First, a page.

“a. The assessee has not discharged its onus to provide complete details about email ids and copies of emails as asked from it by the Assessing Officer and the Ld. CIT(A) during the assessment and the appellate proceedings. The assessee has not provided such documents even before the Hon’ble ITAT.

b. The assessee has not submitted copies of all agreements has entered into by with all the distributors in India. The assessee has submitted copy of the agreement entered into with only one distributor, i.e. Ingram Micro India Pvt. Ltd. and not any of the other distributor, including Redington (India) Ltd. Further, it cannot be verified from the records whether there is any other agreement entered into by the assessee company with Adobe India or any other entity that was applicable during the years under consideration.

c. On the basis of the analysis of the sample emails provided by the assessee selectively, it has been found that Adobe India is performing functions which are wider in scope than the functions mentioned in the Agreement entered with the assessee and in the TP Study of Adobe India. In view of the same, reliance placed by the assessee on the agreement to substantiate its functions is misplaced and should not be relied upon. The assessee may be directed to provide complete set of emails to substantiate its claims that Adobe India is merely providing the services mentioned in the agreement and nothing beyond that.

d. The contention of the assessee that since less than 10% of the revenue of Adobe India is earned from the assessee for providing Market Support Services, it is not economically dependent on the assessee is incorrect. Relying on the commentary by Prof. Klaus Vogel, it is submitted that to determine if an entity is economically dependent, what has to be seen is only the revenue from those functions which constitute a PF. In the instant case, since the rest of the revenue of Adobe India is from Software Development Services, the same shall not be considered to determine the economic dependence test. The revenue from the market support functions is earned only from the assessee and not any other entity and therefore, Adobe India is economically dependent on the assessee.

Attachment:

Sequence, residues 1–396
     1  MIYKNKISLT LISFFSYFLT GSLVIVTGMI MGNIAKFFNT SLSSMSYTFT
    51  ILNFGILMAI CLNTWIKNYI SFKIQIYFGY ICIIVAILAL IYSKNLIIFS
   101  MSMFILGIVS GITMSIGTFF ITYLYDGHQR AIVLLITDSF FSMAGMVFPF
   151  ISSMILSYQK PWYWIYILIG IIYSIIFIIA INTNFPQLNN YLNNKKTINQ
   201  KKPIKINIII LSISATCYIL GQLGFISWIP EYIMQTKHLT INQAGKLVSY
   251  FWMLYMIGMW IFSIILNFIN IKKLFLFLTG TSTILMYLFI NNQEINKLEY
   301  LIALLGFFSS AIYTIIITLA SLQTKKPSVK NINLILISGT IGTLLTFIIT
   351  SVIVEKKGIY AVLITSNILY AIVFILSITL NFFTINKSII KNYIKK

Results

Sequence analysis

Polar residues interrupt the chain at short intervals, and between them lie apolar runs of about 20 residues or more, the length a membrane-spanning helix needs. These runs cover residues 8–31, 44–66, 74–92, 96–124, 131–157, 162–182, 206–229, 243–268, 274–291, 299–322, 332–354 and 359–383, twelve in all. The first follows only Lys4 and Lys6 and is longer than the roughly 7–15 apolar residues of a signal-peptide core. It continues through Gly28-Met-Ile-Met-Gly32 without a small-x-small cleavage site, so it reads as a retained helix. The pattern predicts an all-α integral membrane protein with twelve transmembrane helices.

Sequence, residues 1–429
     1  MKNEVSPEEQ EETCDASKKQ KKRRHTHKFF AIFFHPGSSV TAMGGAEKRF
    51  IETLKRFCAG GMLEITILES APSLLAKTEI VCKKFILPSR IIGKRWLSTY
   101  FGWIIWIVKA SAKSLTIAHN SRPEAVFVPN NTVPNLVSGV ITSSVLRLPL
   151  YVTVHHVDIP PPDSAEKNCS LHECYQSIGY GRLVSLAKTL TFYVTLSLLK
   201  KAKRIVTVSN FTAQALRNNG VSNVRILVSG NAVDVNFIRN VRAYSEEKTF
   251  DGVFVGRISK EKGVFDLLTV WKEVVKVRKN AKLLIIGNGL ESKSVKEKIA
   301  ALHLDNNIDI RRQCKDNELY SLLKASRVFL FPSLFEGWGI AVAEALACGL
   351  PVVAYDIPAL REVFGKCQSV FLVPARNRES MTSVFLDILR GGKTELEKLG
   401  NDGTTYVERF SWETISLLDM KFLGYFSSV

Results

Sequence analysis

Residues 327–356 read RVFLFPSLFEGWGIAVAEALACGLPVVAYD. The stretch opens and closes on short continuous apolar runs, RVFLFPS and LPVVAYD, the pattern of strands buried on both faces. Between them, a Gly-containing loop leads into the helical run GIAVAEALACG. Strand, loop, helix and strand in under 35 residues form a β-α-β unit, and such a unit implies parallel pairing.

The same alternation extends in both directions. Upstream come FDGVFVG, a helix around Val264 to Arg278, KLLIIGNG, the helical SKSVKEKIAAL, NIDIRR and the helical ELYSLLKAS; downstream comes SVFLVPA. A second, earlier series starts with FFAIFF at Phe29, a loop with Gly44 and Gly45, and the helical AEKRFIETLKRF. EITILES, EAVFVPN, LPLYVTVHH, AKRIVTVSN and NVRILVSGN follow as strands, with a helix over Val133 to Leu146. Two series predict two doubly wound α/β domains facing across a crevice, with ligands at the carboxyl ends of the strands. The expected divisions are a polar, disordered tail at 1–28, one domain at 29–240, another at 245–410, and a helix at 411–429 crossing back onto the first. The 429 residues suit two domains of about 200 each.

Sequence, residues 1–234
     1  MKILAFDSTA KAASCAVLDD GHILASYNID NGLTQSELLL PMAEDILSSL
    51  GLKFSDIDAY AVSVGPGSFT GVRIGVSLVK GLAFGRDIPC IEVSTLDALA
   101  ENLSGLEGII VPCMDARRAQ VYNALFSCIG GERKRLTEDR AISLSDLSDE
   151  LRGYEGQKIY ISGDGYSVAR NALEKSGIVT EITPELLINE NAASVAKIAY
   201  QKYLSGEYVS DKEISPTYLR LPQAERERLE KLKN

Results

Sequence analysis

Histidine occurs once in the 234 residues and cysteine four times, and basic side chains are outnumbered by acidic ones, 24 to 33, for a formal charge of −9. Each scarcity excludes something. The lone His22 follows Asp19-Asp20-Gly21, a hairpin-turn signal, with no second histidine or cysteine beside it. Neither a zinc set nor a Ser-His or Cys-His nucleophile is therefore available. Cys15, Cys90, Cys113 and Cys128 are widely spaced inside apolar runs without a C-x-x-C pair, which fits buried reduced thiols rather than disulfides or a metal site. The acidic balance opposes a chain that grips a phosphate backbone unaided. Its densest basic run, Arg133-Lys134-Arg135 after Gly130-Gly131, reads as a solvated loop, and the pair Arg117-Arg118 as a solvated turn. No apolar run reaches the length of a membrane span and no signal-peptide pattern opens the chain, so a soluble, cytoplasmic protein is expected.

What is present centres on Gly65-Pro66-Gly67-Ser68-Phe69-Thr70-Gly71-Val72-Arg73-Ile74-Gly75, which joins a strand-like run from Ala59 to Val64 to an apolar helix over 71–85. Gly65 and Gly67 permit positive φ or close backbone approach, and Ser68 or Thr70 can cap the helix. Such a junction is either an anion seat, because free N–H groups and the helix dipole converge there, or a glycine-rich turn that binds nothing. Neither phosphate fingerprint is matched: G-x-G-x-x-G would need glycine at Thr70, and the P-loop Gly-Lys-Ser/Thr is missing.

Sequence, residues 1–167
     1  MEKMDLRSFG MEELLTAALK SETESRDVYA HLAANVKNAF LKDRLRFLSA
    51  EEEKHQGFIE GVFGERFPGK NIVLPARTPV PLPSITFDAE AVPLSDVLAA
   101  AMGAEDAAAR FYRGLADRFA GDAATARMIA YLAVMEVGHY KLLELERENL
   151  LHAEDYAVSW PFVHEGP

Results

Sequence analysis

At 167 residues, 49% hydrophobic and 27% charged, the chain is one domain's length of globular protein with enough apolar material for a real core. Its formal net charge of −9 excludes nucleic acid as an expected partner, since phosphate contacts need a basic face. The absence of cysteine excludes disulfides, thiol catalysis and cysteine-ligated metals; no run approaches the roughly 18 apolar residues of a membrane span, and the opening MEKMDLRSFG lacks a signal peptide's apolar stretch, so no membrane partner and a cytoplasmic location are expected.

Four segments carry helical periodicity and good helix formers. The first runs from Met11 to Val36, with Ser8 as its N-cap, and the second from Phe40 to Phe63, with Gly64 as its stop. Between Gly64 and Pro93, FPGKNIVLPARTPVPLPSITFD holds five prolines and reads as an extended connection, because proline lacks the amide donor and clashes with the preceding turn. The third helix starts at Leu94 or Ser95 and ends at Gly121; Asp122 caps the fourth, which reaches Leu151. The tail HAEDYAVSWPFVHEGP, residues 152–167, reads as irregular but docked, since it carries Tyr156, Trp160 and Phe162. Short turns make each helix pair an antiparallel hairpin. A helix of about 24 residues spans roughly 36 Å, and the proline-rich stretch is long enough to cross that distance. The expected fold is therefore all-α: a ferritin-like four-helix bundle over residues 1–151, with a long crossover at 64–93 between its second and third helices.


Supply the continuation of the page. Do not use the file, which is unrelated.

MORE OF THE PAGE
e. The assessee failed to provide copies of any emails between itself and Adobe India even though the same were specifically asked by the Ld. CIT(A). Further, it did not submit even the details of the email ids of its concerned employees before the AO during the assessment proceedings. In absence of such details, the assessee has failed to discharge its onus to substantiate that Adobe India is not legally dependent on the assessee. Further, as per the TP Study of Adobe India, Adobe Ireland is responsible for the marketing and sales strategy and therefore, Adobe India is legally dependent on the assessee company.

f. Further, reliance placed by the assessee on the ruling of the Hon’ble Delhi High Court in the case of Adobe Systems Inc. v. ADIT |WP(C) 2384, 2385, 2390 of 2013] (Pg 364 to 394 of the Case law Compilation) is misplaced. The case pertained to Adobe USA and as stated above, there is no sale of software in India through Adobe India by Adobe USA. Adobe India provides Software Development Services to Adobe USA. While in the case under consideration, the assessee sells software in India through Adobe India and Adobe India provides market support services. In view of the completely different facts, the reliance placed by the assessee on the above ruling to contend that Adobe India does not constitute a PE is misplaced.